The following is one of a series of editorials in the New York Times about the relationship between religion/faith and Facebook.
Believers but Not Churchgoers
September 8, 2011
The Rev. Cheryl J. Sanders is the senior pastor of Third Street Church of God in Washington.
As a pastor, it is my responsibility to encourage participation in face-to-face meetings at the church each week for worship, prayer and Bible study.
While I cannot foresee a time when virtual contact will take the place of direct human contact, in my experience social networking enables additional conversations, interactions and sharing of information that reinforce the sense of community at every level of our lives. Our church has a Facebook group, and I include church members as friends on my personal Facebook page. Some of my most frequent Facebook posts come from members who are very quiet (or absent) when the church gathers for worship, but who readily speak up online to share their opinions, photos and links to news about religion, politics and popular culture.
Online communities are a tool for reaching a generation whose personal priorities do not include church attendance but who spend hours each day online.
Social networking works wonders for the instantaneous sharing of information of importance to church members, such as invitations to special events, solicitations of prayers for members and friends in crisis, and the sharing of suggestions for worship at home when church services are canceled because of inclement weather.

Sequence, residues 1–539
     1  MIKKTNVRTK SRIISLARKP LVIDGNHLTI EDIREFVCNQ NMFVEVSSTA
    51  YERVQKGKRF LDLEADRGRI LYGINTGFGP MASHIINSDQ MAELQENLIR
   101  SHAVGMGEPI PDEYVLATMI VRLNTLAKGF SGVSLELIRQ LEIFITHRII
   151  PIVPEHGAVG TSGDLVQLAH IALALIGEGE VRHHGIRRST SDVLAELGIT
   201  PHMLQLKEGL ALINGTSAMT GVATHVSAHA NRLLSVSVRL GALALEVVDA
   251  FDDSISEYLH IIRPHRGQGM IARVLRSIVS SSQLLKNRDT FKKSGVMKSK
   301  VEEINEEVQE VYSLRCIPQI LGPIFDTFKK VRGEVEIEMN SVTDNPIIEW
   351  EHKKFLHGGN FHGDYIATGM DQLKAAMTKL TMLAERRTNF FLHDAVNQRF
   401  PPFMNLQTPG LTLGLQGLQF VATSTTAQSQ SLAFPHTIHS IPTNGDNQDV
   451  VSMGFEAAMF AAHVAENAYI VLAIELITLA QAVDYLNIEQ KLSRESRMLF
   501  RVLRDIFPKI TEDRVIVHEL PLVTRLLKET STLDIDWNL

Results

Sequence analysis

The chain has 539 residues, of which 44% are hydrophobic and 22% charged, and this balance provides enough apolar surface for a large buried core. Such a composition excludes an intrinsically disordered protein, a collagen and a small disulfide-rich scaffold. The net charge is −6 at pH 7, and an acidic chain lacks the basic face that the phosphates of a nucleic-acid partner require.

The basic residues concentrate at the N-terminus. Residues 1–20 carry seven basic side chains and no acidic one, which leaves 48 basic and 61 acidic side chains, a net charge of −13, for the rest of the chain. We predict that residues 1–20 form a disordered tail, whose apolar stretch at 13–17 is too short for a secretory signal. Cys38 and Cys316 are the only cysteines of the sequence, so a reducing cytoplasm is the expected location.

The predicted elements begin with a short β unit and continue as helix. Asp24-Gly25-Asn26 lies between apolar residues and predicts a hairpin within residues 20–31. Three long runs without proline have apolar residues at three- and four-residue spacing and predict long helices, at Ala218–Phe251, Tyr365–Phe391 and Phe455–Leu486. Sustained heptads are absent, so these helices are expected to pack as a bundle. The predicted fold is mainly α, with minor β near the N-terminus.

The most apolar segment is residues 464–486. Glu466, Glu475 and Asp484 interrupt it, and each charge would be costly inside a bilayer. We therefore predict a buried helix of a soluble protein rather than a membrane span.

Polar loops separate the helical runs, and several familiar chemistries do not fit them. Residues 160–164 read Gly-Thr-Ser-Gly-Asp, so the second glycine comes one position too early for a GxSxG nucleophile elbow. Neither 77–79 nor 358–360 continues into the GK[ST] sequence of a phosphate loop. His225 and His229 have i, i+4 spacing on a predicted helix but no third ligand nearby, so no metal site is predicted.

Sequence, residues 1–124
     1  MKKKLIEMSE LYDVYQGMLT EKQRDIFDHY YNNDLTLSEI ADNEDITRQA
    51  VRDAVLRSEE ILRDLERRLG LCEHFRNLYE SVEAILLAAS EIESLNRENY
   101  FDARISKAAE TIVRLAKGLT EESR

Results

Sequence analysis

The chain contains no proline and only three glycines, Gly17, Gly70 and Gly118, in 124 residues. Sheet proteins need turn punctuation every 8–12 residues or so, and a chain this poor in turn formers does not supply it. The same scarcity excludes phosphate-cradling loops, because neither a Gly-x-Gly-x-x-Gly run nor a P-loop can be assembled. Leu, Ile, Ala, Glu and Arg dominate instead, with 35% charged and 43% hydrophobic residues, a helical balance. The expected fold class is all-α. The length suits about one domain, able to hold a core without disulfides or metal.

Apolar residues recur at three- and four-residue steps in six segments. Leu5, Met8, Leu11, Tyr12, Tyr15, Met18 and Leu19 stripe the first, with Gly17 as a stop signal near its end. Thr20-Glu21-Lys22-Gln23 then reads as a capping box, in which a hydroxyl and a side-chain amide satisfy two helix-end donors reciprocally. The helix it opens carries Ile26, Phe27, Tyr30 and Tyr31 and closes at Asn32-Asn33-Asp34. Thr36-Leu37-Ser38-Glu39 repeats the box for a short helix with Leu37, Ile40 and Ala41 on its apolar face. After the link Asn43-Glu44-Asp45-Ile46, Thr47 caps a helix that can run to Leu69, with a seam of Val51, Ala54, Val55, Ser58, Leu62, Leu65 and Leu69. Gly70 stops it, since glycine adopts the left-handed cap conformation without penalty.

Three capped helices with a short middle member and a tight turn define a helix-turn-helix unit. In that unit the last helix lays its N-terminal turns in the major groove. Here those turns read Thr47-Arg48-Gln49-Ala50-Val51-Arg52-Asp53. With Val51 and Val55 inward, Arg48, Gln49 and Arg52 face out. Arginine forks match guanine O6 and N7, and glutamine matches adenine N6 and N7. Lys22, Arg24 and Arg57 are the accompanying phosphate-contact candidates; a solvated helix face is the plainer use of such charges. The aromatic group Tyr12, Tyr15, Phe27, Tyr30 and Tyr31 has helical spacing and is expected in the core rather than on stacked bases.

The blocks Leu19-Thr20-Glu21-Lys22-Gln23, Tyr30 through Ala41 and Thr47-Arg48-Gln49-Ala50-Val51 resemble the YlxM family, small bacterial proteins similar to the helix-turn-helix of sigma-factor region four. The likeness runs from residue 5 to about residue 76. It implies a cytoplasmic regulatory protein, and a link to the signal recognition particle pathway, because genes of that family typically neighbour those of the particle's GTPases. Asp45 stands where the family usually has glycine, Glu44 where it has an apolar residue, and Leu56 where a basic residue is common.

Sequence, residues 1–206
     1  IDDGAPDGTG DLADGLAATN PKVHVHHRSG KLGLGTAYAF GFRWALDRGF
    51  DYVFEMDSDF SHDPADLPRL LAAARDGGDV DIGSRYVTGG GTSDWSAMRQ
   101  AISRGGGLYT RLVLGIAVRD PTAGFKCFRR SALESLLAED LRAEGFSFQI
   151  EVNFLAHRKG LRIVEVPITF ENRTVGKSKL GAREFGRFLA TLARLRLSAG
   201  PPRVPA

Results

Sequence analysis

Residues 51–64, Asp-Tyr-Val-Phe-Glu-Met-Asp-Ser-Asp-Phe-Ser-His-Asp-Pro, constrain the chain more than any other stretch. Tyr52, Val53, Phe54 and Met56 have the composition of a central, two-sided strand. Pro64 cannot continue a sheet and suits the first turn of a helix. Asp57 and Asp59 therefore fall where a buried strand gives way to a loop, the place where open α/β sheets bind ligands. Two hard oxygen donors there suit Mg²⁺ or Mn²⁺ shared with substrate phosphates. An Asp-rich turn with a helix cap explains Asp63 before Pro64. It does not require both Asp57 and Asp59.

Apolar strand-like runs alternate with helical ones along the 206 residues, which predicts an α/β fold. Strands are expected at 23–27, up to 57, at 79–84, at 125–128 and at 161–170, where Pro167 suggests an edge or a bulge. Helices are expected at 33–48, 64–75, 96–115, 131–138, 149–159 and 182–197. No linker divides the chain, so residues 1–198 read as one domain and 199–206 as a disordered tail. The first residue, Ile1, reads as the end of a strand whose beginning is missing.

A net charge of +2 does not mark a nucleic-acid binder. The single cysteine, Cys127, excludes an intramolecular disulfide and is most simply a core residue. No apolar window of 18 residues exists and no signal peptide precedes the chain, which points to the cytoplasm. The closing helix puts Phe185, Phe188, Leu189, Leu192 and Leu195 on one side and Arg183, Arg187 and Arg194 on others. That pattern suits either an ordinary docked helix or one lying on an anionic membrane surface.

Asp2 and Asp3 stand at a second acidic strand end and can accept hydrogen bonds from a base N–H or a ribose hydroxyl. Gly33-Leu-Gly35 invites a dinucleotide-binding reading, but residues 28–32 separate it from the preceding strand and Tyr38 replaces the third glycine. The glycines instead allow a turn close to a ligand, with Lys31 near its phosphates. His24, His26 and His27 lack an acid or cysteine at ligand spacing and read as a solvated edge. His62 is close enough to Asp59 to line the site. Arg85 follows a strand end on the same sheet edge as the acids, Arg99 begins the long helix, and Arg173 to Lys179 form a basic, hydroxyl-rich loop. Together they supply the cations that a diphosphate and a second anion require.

While social networking does not replace human contact, it provides opportunities for virtual participation in religious community by members who cannot attend church because of work, illness or relocation and by students who are away at college. Moreover, it is a tool for reaching a generation whose personal priorities do not include church attendance but who spend hours each day online. Jesus called fishermen who were experienced at working nets full of fish to follow Him and become "fishers of men." It is my hope that the work of calling people to faith in this century will be vigorously embraced by a virtual community of disciples whose skills in social networking are employed not just for self-absorbed amusement, but also for the care of human souls.http://www.nytimes.com/roomfordebate/2011/09/08/will-online-faith-communities-replace-churches/believers-who-are-not-churchgoers